Adult neural stem cells: an endogenous tool to repair brain injury?
Article first published online: 5 DEC 2012
© 2012 International Society for Neurochemistry
Journal of Neurochemistry
Volume 124, Issue 2, pages 159–167, January 2013
How to Cite
J. Neurochem. (2013) 124, 159–167.
- Issue published online: 20 DEC 2012
- Article first published online: 5 DEC 2012
- Accepted manuscript online: 7 NOV 2012 08:55AM EST
- Manuscript Accepted: 22 OCT 2012
- Manuscript Revised: 5 OCT 2012
- Manuscript Received: 1 AUG 2012
- FIRB. Grant Number: RBIN062YH4
- MERIT. Grant Number: RBNE08LN4P-002
- PRIN. Grant Number: 2009TBCZJB_003
- Ministero della Salute Under. Grant Number: 40 2007
- adult neurogenesis;
- brain repair;
- cortical neurogenesis;
- SGZ ;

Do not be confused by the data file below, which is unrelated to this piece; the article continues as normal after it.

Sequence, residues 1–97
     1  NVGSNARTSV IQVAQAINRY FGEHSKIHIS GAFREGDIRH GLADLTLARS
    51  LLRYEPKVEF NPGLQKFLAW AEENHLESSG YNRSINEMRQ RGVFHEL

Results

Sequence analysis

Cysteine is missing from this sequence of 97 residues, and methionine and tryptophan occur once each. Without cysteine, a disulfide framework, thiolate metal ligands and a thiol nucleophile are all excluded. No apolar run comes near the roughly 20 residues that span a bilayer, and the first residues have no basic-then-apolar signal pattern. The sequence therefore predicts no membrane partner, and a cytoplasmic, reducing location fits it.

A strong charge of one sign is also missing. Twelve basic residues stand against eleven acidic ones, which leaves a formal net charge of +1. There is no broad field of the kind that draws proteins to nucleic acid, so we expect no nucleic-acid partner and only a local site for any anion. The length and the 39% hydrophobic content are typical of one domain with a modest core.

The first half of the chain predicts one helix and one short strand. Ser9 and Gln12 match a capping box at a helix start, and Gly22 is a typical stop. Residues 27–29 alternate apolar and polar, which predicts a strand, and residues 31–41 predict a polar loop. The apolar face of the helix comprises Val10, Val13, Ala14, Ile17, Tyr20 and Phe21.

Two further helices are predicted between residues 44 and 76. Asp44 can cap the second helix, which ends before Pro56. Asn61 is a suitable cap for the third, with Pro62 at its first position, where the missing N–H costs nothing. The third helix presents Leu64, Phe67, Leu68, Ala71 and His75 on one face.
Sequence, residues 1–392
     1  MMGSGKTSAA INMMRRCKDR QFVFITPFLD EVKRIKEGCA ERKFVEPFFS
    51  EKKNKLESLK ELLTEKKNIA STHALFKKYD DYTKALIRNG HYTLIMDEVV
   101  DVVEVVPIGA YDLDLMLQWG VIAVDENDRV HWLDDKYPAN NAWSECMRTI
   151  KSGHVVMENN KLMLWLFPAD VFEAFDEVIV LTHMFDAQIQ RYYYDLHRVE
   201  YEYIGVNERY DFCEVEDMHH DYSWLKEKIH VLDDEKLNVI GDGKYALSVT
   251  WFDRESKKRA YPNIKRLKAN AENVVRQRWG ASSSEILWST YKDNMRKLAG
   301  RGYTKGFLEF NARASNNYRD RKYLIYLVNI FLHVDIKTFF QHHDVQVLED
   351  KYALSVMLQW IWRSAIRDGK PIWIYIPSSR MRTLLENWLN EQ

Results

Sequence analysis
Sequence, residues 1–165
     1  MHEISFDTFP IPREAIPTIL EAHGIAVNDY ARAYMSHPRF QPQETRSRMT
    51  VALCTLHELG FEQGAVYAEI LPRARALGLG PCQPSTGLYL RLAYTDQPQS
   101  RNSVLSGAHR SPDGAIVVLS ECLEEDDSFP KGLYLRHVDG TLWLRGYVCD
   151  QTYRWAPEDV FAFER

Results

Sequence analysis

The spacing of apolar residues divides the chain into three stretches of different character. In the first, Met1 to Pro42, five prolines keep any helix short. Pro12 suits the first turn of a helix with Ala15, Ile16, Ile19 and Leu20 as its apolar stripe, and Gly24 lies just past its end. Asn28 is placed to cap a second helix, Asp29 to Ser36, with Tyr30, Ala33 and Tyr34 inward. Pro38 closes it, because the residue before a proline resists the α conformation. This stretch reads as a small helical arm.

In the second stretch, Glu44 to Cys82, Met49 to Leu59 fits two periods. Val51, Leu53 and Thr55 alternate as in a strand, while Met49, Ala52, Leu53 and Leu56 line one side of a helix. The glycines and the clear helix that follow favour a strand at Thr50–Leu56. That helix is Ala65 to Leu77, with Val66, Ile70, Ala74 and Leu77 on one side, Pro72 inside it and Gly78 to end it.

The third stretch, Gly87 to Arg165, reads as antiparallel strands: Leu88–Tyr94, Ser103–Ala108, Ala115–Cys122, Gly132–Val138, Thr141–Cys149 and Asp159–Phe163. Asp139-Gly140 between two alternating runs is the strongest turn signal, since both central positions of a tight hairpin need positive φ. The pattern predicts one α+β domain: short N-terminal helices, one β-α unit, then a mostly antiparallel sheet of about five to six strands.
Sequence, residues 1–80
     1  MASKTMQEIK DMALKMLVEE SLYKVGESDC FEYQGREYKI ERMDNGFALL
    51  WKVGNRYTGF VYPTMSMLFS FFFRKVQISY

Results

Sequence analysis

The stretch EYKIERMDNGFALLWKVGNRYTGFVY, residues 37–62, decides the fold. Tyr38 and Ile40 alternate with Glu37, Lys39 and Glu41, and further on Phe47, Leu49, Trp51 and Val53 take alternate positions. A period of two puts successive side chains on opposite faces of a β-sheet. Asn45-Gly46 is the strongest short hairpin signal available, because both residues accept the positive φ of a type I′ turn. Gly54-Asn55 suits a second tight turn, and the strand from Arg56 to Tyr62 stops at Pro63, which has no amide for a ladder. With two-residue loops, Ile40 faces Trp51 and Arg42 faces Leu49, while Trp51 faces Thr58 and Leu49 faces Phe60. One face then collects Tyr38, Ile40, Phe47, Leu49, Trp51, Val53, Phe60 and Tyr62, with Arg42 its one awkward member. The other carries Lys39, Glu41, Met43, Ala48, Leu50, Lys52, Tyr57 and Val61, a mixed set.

Research on stem cells has developed as one of the most promising areas of neurobiology. In the beginning of the 1990s, neurogenesis in the adult brain was indisputably accepted, eliciting great research efforts. Neural stem cells in the adult mammalian brain are located in the ‘neurogenic’ areas of the subventricular and subgranular zones. Nevertheless, many reports indicate that they subsist in other regions of the adult brain. Adult neural stem cells have arisen considerable interest as these studies can be useful to develop new methods to replace damaged neurons and treat severe neurological diseases such as neurodegeneration, stroke or spinal cord lesions. In particular, a promising field is aimed at stimulating or trigger a self-repair system in the diseased brain driven by its own stem cell population. Here, we will revise the latest findings on the characterization of active and quiescent adult neural stem cells in the main regions of neurogenesis and the factors necessary to maintain their active and resting states, stimulate migration and homing in diseased areas, hoping to outline the emerging knowledge for the promotion of regeneration in the brain based on endogenous stem cells.